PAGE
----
May 23, 2010 4:00am EDT
wanted to ask. what are those questions? >> the european markets are affecting china. they're trying to cool down their economy and tighten up their credit. is this going to affect your -- who ultimately buys their corn. how do you feel about their demand situation? is it going to be a sharp growth? how do you think it's going affect corn? >> certainly if we see europe go into a continuen'ting wide -- it's going to affect china. so from 2007 to 2009 and early 10 when we had the worst whatever we call what we just went through. sure, we saw china's economy slow down. we saw it close to 6% growth. the rest of the world would have loved to have% growth. i believe we're going to see some sort of continent wide growth. ireland, iceland, a lot of these lesser -- less wealthy european countries have been the drivers of growth. they tier ones that are going to slow down. i think they're going to slow that continental growth down. that's going to hurt china's economy. we're talking about maybe, again, 3, 4% growth, which we should still see sustained growth in their incomes, protein demand, meat
Feb 20, 2011 4:00am EST
>>> today on u.s. farm report. incredible demand from china equals a new best customer for american agriculture. it's a sign of strong economic times as big green reports big profits. and our team of analysts draw a packed house at the national farm machinery show. >> u.s. farm report brought to you by the world of farming is changing. be ready with case ih and by chevy and their award winning cars, strucks, and crossovers. >>> hello and welcome to u.s. farm report. i'm john. well it wasn't quite a drunken sailor atmosphere, but optimism was abundant, along with an appetite for technology and power at the farm machinery show. temperatures in the 70s added to the excitement. i was no exception as i waited for a half hour just to get an estimate for a new workshop i have long desired. not for myself, of course, but for something i can attach a new greenhouse for my beloved wife, jan. spring fever has many symptoms, i guess, and obviously some of them are economic. time now for the headlines. here's trisha. >> thanks, john. the export outlook for american agriculture is only getting br
Feb 5, 2012 4:00am EST
certainly concerned about demand out here. greg is kind of an expert out here, on china, but from what i see, we see them backing off the last couple months, so that concerns me. it's been -- we've never in this down there i had three years of increasing trend-line yield, so it would be unprecedented to have the third year. if we do something in these markets that's unprecedented, we could have an unprecedented reaction and price. i would say that we might have to go a little higher. but i believe that -- i was taught in the university of illinois, in ag school, many of you might remember tom and he always used to say, mother nature takes care of excesses and mother nature takes care of deficits. i hope mother nature takes care of the deficits. >> what about china, greg? what's your outlook? we're talking about a percent off of 10% growth. >> i think the chinese leadership is more interested in control. they just announced the other day that they'll increase crushing capacity another 12 million metric tons. so their biggest thing will be civil unrest and having their food inflatio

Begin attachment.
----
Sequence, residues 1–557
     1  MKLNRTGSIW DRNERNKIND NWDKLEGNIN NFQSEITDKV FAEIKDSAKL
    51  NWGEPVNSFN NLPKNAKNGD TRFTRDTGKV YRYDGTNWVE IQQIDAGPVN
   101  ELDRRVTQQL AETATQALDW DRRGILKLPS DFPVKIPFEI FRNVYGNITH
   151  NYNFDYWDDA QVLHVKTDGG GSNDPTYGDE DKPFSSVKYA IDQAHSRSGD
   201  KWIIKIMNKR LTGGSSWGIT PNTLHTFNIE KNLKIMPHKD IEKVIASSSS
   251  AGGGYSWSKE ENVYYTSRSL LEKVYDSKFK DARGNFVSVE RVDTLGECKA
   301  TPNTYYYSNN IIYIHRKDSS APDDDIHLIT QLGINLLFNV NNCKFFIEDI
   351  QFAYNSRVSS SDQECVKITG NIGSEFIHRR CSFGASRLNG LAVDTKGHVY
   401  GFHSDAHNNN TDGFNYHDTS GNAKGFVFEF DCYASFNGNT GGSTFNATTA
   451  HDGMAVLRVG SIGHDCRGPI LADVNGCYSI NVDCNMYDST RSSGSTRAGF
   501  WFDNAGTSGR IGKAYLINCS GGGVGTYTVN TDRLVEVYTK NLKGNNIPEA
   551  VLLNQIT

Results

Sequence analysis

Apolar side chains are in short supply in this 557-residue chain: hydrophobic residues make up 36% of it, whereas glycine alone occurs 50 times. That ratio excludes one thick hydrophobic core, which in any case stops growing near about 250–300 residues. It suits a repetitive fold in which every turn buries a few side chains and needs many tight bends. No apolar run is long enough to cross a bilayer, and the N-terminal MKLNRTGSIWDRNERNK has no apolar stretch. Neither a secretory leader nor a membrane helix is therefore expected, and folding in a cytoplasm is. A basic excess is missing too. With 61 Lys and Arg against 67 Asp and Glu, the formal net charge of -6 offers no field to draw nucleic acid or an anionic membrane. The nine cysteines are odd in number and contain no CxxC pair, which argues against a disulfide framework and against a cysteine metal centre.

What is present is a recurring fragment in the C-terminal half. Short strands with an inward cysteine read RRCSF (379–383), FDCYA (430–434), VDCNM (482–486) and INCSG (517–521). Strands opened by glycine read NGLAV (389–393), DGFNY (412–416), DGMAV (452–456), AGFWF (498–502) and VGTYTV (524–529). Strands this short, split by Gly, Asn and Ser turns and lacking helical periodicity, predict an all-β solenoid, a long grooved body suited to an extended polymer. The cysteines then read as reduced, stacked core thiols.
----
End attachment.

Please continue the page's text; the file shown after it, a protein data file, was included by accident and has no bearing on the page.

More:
Sep 6, 2009 4:00am EDT
china's economy slows down a little, we have a secondary low in the dow next year and all of a sudden the dow relationship to the corn we have a flat to lower market. you know since 1970, the average cycle length of corn is about five and a half years from low to low. that implies that the long-term low for this market is 2010 confirmation. everybody believes that next year is going to be like 2007, 2 # 008, a quick bounce back. and things have changed. >> we're going to be back with more u.s. farm report in just a moment. [applause] >> our round table continuing at the farm progress show. with us today is bob utterback. we have been talking about actually kind of how low corn can go if it -- we get everything in. the yield and the yield of course is the key. and nobody knows what the weather is going to do and that is what it takes. some guys talked about whether or not the dollar or the dow is going to affect corn prices. and somebody brought up china. i forget who that was at this point in time. is the dollar going to affect what has happened to corn? >> well, the dollar has
Feb 14, 2010 4:00am EST
, brazil, india and china. this week, the world was rattled by a new set of islands, the p. i. g. s. they're all struggling with enormous sovereign debt that isstruggling their economy. for what it's worth, i'm rooting for the p. i. g. s. to get their finances straightened out soon. let's get started with the headlines and trisha slowlyia. >> reporter: thank you, john. hello, everyone. even though the federal government was shutdown for most of the week because of the snowstorm, the ag department still released its monthly supply and demand reports of the major commodities. there were some surprises especially when it comes to usage. the 2009-2010 u.s. carryover of corn sits at just over 1.7 billion bushels, 45 million bushel drop from the january forecast. the analysts at the ag department forecasted a higher use of corn for ethanol. meanwhile, soybean carryover sits at 210 million bushels down 35 million from january. that reflects continuing demand for soy exports plus a higher crush. >> continuing strong exports of soybeans, we continue it seems like to sell soybeans as fast as
Search Results 0 to 18 of about 19 (some duplicates have been removed)